Did that homelessness or nomadism in your childhood shape the choice you made to do what you do?
I don’t know how to say in terms of a cause and effect summation. I do know that people completely fascinate me. I really do revel in individuals. Even if you were to offend me tonight, I don’t care. It won’t matter. I will have been studying you the whole time. My bumper sticker was, "I like people, just not in groups."
Does that remain the case?
It’s pretty close. It’s one of my bumper stickers. The other one is "I feel so much better since I gave up hope." People are like "Oh but you’re so despairing!" I’m not despairing at all. I don’t believe in hope. I don’t believe in something I don’t have. I believe in something I can. I believe in fate and I believe in work. I don’t believe in the second car I don’t have yet or the picket fence I don’t have yet or the lottery. It’s all trash. It’s disgusting.
How long have these beliefs need to formulate?
I think they formulated early. The problem was confirming them. Good sense is probably almost everybody’s property. It’s when they get convinced that something else is true that clashes with their good sense. And confirming their own good sense is really the issue in most of our lives. That’s the hard part. But you can get there.
Was becoming an actor good sense?
Yeah yeah. For me it’s been a great choice. But I don’t look at it like a lot of people do. I don’t look at it like being the centre of attention. I really don’t. I had to turn that corner early. For me the first great issue was between acting and acting out and that took about 10 years of careful study. Because if you’re not going to act out you’re standing up against your entire culture. Thinking that you’re the guy.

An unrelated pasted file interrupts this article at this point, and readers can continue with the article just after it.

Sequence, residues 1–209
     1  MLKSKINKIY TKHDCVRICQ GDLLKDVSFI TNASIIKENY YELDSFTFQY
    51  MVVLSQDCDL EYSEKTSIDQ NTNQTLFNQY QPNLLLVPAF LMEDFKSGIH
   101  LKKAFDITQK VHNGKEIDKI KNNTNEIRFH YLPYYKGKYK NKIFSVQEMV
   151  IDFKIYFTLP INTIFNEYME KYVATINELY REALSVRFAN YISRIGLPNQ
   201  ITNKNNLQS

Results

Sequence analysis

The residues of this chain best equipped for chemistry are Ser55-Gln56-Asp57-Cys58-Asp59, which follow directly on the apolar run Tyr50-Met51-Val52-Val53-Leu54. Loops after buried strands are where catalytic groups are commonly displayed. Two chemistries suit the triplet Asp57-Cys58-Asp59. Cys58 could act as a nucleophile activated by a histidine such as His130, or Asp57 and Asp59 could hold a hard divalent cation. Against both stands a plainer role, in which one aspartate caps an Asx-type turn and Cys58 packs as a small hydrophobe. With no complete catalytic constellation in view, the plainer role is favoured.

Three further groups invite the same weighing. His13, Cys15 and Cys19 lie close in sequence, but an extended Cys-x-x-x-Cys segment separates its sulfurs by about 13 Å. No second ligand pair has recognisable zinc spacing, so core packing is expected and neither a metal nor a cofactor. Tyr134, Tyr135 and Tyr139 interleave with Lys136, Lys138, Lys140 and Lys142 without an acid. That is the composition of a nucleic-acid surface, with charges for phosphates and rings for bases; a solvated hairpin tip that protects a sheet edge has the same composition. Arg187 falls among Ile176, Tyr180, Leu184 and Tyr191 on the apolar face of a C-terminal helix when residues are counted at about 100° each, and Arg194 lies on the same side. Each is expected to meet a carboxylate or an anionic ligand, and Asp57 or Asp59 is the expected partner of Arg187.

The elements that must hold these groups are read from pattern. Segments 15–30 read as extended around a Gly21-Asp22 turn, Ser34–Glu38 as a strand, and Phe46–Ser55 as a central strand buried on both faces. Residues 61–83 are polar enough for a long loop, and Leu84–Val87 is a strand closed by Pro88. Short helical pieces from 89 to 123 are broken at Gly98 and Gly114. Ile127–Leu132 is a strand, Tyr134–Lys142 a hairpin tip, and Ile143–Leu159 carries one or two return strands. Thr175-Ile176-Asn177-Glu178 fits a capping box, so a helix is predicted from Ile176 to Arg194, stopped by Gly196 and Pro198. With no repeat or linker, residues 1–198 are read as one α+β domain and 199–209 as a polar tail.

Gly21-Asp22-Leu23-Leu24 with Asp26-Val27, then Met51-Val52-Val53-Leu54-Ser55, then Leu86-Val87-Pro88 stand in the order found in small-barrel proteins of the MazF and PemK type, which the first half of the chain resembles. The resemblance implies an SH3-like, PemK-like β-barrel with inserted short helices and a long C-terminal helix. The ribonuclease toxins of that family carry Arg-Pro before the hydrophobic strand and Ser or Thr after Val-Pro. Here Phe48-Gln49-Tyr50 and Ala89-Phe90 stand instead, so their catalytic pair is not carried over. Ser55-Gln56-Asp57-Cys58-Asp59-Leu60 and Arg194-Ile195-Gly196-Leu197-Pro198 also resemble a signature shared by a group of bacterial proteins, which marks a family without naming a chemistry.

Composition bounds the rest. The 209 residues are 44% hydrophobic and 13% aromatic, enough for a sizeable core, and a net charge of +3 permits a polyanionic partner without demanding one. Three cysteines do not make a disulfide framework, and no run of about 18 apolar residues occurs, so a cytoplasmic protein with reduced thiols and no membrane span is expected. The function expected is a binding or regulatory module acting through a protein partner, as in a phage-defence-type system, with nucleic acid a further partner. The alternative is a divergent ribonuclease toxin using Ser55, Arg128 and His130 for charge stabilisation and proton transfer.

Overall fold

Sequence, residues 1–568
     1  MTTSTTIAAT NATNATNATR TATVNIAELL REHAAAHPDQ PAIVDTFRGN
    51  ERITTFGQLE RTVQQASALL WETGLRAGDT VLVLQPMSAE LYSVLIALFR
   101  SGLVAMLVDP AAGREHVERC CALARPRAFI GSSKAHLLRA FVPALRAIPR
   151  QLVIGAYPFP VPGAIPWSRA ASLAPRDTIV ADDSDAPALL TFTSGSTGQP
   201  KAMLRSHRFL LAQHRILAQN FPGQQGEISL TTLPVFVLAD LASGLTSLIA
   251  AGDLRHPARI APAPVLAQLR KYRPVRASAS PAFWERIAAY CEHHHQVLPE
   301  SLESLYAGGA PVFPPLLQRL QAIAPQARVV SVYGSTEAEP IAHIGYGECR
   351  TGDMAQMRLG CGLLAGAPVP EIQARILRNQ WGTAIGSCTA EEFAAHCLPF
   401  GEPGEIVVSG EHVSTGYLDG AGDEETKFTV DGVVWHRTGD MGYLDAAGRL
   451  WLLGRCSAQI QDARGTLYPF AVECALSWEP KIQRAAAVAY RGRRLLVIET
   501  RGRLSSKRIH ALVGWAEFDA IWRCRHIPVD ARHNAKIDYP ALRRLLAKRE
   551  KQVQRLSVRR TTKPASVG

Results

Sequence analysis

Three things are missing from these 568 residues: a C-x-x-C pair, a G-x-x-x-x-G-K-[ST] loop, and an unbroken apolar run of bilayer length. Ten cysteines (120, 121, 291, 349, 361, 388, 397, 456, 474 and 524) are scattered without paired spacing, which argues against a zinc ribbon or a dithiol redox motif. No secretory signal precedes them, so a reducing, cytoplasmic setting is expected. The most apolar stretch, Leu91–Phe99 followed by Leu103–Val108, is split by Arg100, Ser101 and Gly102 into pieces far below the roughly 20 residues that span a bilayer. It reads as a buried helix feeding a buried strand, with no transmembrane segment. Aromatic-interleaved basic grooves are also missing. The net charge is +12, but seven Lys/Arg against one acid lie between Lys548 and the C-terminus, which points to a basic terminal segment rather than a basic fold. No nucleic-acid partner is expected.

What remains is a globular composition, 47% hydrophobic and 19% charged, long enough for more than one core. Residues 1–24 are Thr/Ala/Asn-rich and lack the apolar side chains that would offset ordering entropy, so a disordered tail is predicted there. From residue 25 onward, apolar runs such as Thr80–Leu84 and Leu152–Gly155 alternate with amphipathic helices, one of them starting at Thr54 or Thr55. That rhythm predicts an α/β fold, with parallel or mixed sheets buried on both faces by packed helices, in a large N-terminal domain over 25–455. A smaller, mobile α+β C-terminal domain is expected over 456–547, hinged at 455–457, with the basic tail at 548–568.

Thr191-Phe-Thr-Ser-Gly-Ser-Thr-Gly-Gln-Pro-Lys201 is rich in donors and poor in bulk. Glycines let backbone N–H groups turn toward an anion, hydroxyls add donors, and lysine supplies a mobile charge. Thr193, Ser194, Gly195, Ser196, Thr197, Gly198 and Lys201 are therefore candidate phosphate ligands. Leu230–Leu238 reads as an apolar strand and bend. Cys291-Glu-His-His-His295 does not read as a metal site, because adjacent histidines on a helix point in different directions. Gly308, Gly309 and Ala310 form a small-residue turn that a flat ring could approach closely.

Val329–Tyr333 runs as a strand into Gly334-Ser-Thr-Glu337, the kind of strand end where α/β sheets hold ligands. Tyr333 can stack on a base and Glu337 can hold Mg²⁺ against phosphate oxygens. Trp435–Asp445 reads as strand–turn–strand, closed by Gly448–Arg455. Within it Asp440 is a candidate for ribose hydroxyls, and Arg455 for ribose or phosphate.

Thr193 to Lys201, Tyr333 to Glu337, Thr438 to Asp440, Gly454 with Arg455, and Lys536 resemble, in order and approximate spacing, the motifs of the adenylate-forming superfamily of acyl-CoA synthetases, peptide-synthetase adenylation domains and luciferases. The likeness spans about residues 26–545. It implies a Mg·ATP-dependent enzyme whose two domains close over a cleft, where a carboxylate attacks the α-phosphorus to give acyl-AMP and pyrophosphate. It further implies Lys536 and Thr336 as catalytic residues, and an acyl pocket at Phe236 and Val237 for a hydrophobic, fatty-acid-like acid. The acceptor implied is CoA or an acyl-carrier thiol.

Did you have to learn that before you made it?
Well, no. Yes of course I did. Because you’re always dealing with that "Am I doing it for them or am I doing it for some better reason? Am I doing it to get attention or am I doing it to pay attention?" That issue starts early. It’s the monumental issue.
All the good actors are doing it for the latter reason?
Any person who is doing anything well is doing it for the latter reason. Anybody who is doing anything halfway decent has enough confidence to pay attention. Which means they talk about something that they’ve been studying and that they would like to share commentary about.
Does this mean that you were a bad actor to start with?
I may still be one! I don’t know.
You’re manifestly not.
I don’t know that. You go ahead. I just do it. I do what I can. And if I’m lucky enough to get an opportunity I do that. I’m glad to have the privilege.
It took a while for you to land that great role in Altered States (pictured left).
I didn’t land that role. I fought that role. I tried to not make that movie. I tried to get out of it.
Presumably because of Ken Russell?
No no no. Arthur Penn was the original director. I tried to get out of it because I didn’t want to make movies. I didn’t want to be famous. It’s not good for some people. It hasn’t been good for me. Fame is not a happy condition for me. I’m not looking a gift horse in the mouth. I’m just saying I’m very happy to be allowed to do what I do but there are aspects of fame that are not pleasant.
Having people generalise about you with any information about you whatsoever. Contempt prior to investigation. It’s a remarkable prejudice. "Aren’t you who I think you are?" "No, ma’am. I don’t know anything for sure in life except one thing. I’m sure I’m not who you think I am. I’m positive of that. Now can I go my wandering way?" I know that.
How did you get to a point where you were being offered a film that you couldn’t get out of?
What happened with Altered States was I was in an elevator in a building in New York to go to a theatre audition. I was happy. I was doing ensemble repertory work. I was happy.
In New York?